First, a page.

According to Hisham Al-Jabalabi, a founder of the It’aam kitchen — meaning "feeding" in Arabic — in Al-Thawra, Khartoum, the concept of tekkeyahs, deeply rooted in Sudanese culture, began to spread further following the outbreak of the war between the Sudanese Armed Forces (SAF) and RSF forces in April 2023.

In besieged neighbourhoods where access to markets and shops became difficult, this tradition of generosity and solidarity gained greater significance.

"Every family shared their food supplies, and as the fighting continued and savings depleted, tekkeyahs relied on donations and contributions," he says.

"We started It’aam in May 2023, a month after the outbreak of the war, to provide meals for nearly 215 families caught in the crossfire between the army and RSF."

Due to funding shortages, 70 percent of the group’s kitchens serve only one meal daily.

"Other factors have also come into play, such as disrupted water services and the escalating prices of wood used for fuel, coupled with a steep increase in the cost of goods and foodstuffs by as much as 150 percent since the onset of the war," Al-Jabalabi adds.

Hussein, one of the kitchen’s beneficiaries, says that she had to resort to dividing the meal she receives from It’aam into two portions, delaying the family's breakfast and advancing dinner.

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Outside Khartoum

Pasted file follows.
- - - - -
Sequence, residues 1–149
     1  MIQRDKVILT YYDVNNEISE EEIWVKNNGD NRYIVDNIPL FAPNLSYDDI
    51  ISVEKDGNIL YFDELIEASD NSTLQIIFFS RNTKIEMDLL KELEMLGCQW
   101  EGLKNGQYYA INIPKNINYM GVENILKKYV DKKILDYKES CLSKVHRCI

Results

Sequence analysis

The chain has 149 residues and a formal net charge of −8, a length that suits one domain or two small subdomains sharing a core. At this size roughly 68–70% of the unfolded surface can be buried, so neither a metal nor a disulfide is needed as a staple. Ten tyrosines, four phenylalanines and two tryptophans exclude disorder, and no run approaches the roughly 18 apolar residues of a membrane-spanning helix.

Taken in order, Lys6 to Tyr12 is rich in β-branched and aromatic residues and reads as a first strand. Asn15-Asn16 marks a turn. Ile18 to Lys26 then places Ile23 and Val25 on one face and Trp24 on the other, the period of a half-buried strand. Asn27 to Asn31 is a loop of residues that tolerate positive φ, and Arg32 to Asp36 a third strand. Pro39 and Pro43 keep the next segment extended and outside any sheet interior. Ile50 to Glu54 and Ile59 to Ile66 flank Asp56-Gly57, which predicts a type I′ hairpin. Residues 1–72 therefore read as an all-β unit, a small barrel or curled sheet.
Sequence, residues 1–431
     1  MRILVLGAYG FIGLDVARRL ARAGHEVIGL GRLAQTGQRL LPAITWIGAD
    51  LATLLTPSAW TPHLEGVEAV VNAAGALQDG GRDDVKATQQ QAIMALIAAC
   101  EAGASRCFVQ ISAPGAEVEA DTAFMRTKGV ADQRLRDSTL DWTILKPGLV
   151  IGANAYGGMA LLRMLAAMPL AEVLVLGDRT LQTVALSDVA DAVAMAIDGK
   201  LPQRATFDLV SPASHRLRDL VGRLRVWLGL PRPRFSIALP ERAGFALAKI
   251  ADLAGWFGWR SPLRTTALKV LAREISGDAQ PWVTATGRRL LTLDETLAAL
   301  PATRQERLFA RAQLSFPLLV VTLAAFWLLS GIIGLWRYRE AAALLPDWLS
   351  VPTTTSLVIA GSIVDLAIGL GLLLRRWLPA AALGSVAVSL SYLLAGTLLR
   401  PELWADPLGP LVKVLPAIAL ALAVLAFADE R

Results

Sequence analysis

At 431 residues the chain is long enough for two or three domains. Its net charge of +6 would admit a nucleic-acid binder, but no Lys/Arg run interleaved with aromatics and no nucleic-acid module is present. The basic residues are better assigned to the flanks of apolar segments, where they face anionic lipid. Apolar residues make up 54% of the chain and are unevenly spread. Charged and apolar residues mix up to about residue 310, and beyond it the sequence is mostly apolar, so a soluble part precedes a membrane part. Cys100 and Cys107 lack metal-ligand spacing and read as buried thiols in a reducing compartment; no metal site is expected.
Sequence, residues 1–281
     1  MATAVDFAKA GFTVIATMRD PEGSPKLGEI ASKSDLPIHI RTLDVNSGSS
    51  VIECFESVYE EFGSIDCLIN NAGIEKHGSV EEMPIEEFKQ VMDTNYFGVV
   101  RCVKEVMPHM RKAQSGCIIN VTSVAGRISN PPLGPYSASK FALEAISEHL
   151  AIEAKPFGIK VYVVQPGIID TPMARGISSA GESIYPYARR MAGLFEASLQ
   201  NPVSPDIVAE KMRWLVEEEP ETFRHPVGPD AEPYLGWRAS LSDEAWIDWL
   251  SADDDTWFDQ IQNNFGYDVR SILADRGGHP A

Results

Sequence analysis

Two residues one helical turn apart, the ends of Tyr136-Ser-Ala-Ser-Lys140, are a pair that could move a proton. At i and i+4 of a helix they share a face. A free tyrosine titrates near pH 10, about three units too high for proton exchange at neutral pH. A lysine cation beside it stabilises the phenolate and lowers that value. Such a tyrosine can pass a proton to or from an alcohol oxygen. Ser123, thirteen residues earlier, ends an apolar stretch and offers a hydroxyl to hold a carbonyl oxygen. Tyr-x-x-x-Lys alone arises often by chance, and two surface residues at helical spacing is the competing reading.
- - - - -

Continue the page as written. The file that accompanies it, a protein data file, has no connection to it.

The situation outside of the capital is as dire, with communities facing shortages of essential supplies and ongoing violence. Local organisations and volunteers are working tirelessly to provide support, but resources remain scarce.

"We supervise 13 kitchens that serve daily meals to the shelters harbouring the displaced," says Nuha Youssef, a volunteer at the Emergency Rooms in Sennar State, South Sudan.

"But unfortunately, owing to poor funding and the security forces’ harassment of volunteers, sometimes, we’re forced to operate on Fridays only."

Abuzar Osman, Darfur State’s ERR coordinator, states that there are around 90 communal kitchens across the five states of Darfur.

Their service capacity varies depending on the population density of each area, starting from 250 people and reaching up to 2,200 people in the Zamzam IDP camp.

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"We have recently opened the Sultan Tirab School kitchen in Nyala, which provides over 700 meals daily for students and teachers, but the project faces significant challenges related to funding and ensuring the continuity of kitchen operations," he adds.

"We’re also evacuating civilians from conflict areas and providing health, education, water, and electricity services."

According to Osman, security challenges are affecting the flow of goods and foodstuffs in Al-Fasher, the capital of North Darfur, and the scarcity and rising prices of goods in markets across the region.

Unsafe roads, due to the presence of multiple armed groups, further threaten commercial convoys.

"We’ve recently lost eight volunteers in one of the kitchens in Al-Fasher after a shell hit the city, amidst the fierce battles ongoing these days," Osman tells The New Arab.

"Despite this, the kitchen persists, sustained by alone community efforts, in the absence of regional and international organisations."

Mohammed Mustafa is a Sudanese journalist and political analyst with over 16 years of experience. His work focuses on the political, economic, and strategic landscapes in Sudan

This article is published in collaboration with Egab